This volume of original essays celebrates Barbara Becker-Cantarino, whose prolific publications on German literary culture from 1600 to the twentieth century are major milestones in the field of German cultural studies. The range of topics in the collection reflects the breadth of Becker-Cantarino’s scholarship. Examining literature from the sixteenth to the twenty-first centuries, the contributors explore the intersections of gender, race, and genre, history and gender, and gender and violence. They provide fresh readings of the works of known and lesser-known writers, including Cyriacus Spangenberg, Maria Anna Sager, Luise Gottsched, Heinrich von Kleist, Frank Wedekind, Christa Wolf, Helga Schütz, Terézia Mora, and Martina Hefter. Their discussions explore the possibilities and limitations of theoretical discourses on travel literature, deconstruction, and gender and suggest new avenues of investigation.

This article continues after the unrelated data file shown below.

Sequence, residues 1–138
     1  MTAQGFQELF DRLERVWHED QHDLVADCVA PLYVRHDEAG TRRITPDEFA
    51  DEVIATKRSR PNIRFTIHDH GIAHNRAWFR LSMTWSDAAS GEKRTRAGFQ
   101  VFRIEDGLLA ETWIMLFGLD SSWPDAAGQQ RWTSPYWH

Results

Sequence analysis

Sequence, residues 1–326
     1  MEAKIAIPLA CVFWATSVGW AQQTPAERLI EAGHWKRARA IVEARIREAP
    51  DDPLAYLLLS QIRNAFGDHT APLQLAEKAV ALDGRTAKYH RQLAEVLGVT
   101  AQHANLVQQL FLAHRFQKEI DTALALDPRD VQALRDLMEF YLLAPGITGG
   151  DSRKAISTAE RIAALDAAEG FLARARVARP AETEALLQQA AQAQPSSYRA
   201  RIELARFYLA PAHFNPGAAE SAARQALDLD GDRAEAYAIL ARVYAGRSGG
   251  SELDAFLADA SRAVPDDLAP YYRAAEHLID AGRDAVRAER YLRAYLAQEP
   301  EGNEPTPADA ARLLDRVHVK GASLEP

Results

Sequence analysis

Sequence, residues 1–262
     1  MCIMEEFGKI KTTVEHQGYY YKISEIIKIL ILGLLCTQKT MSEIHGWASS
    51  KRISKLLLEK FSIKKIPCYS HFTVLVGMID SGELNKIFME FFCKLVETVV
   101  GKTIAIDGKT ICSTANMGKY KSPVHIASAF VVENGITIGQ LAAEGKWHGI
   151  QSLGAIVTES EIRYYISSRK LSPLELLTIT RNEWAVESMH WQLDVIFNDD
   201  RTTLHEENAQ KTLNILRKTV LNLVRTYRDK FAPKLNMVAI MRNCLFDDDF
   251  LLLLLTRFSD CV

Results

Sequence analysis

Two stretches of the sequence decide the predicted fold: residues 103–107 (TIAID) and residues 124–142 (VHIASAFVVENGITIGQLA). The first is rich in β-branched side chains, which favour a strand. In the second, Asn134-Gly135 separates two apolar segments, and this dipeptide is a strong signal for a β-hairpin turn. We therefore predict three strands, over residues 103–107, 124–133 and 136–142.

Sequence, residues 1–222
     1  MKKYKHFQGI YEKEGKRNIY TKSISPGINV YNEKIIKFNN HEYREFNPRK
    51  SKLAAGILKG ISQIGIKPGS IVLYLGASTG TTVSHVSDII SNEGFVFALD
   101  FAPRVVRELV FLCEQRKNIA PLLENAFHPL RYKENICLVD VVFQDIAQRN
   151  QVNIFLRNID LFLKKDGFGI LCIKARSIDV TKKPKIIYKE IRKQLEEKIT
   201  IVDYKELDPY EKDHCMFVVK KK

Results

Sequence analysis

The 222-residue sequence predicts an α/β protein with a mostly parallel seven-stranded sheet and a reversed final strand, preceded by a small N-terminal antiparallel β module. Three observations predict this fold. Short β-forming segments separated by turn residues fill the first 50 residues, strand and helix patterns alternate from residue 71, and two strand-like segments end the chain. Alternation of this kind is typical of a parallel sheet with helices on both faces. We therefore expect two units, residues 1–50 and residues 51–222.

In this first volume of
Brill Research Perspectives in Theology, the field of comparative theology is mapped with particular attention to the tradition associated with Francis Clooney but noting the global and wider context of theology in a comparative mode. There are four parts. In the first section the current field is mapped and its methodological and theological aspects are explored. The second part considers what the deconstruction of religion means for comparative theology. It also takes into consideration turns to lived and material religion. In the third part, issues of power, representation, and the subaltern are considered, including the place of feminist and queer theory in comparative theology. Finally, the contribution of philosophical hermeneutics is considered. The text notes key trends, develops original models of practice and method, and picks out and discusses critical issues within the field.